Missouri has a problem. While crime has dropped across the nation and in Missouri, during the past six years the Missouri prison population has grown from 30,000 to 33,000. In 1982, only about 8000 people were in prison.
How did we get here?
- We closed mental hospitals and began incarcerating the mentally ill. The Treatment Advocacy Center 2014 report counts 356,269 inmates with severe mental illness. This is a problem expanded Medicaid is slowly treating by providing mental health care for people and preventing crime. Missouri has no expanded Medicaid.
- A second big cause for the growth of our prison population is mandatory minimums, the so-called "truth in sentencing" or "three strikes and you're out." Missouri legislation has created a dangerous felony category that enhances sentences and also demands up to 85% time served for repeat offenders, even if the offenses are many years apart and may be non-violent. The worst example I know is a man serving 17 years for theft of a lawn mower to support his drug habit. He had successfully completed his sentence and parole time for robbery, but he lost his job and got hooked on drugs again.
- Drug offenses have also increased the prison population, of course. The disparity between penalties for possession of powder and crack cocaine has been lessened from 100 to 1 down to 18 to 1; but it is still a stiff disparity. And the benefits of the change are not retroactive. There will be a further lessening of penalties when Missouri's revised Criminal Code goes into effect next January; but again the benefits are not retroactive.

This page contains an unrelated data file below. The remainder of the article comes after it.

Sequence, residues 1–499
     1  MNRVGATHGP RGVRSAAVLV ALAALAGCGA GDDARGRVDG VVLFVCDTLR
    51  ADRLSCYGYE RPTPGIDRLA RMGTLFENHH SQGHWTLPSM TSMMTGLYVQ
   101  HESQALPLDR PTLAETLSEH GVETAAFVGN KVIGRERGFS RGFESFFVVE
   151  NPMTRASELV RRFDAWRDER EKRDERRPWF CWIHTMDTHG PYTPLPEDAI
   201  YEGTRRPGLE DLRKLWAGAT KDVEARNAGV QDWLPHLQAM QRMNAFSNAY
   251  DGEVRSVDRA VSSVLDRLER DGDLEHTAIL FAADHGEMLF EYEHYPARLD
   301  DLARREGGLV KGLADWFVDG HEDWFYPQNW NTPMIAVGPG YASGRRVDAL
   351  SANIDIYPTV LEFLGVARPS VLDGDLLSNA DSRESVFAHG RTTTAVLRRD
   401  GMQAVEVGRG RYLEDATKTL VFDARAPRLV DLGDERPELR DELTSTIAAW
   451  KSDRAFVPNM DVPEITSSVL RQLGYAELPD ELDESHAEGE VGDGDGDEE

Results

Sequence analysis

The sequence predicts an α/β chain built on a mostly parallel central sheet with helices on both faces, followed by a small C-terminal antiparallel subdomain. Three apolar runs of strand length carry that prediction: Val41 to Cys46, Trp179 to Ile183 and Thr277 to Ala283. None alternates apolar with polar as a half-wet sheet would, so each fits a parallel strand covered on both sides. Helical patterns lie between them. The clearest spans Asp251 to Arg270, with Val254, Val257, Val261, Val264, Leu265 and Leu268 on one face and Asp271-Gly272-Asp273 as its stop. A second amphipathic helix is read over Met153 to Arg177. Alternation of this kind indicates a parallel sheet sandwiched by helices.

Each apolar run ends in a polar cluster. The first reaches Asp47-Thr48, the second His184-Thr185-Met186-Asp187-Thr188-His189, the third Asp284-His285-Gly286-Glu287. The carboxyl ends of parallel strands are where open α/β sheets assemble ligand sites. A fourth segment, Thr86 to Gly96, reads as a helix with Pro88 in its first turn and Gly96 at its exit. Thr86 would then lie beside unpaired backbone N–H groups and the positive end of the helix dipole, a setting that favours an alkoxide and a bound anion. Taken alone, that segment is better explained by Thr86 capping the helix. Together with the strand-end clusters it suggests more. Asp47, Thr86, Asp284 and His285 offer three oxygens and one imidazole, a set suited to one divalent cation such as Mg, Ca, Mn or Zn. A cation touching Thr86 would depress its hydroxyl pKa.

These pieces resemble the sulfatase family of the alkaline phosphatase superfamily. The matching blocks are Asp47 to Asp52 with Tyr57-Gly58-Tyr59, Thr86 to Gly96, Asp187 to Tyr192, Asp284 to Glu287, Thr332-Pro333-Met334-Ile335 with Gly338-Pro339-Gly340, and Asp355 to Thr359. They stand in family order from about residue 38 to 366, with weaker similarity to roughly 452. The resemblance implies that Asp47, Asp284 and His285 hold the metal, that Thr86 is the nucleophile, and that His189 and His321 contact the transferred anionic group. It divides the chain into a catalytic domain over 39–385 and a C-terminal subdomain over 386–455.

- The Legislature has also criminalized poverty, making it a felony to write a bad check or fail to return rental furniture. These used to be cases for the civil courts, but now criminal law has taken over debt collection (but not bankruptcy, the solution for those who can afford attorneys).
- Sentences have been lengthened for violent crimes and sex offenses. At first blush it is counter-intuitive to say this is a bad idea, but, case-by-case, it's a real question whether these longer sentences for gun possession or bank robbery or non-predator sex offenses protect the public or rehabilitate the offender.
- Finally, in recent years, the Board of Probation and Parole has reduced the number of paroles it is granting and the Governor has not granted clemencies.
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The Empower Missouri Criminal Justice Task Force to which I belong is asking: How do we get people out of prison and living productive lives? How do we correct the racial injustices that have been committed, albeit unwittingly?
We recognize that this is a bi-partisan political problem caused by 30 years of legislation. But it is also a fiscal problem. There is talk of building another prison, a $3 million project, despite the drop in crime. Then there's the cost of housing the inmates, including the added cost of geriatric units. Also, data shows that shorter sentences are more effective than longer time spent in prison if one goal is to help the inmate reform.
- The simplest strategy for reducing the numbers in prison would be to make the benefits of current reform legislation retroactive.
- Probably the most complex legislative task would be to identify the laws that criminalize poverty and return oversight to civil law.
- Mandatory minimums are the reason for the largest increase in the prison population. Data shows that the added punishment of mandatory minimums does not provide effective rehabilitation and that elimination of mandatory minimums even for violent crimes would not put public safety at risk.
- Several bills have been introduced in recent years to allow the Parole Board to review inmates' sentences after they have served 15 or 20 years or are over 60 years of age. These bills recognize that few older persons commit crimes, that some long sentences may have been influenced by other factors than whether the crime was heinous, and that incarcerating older persons is expensive.
It is possible to reduce the Missouri prison population significantly without threat to public safety, but it will take political will. That's what's missing.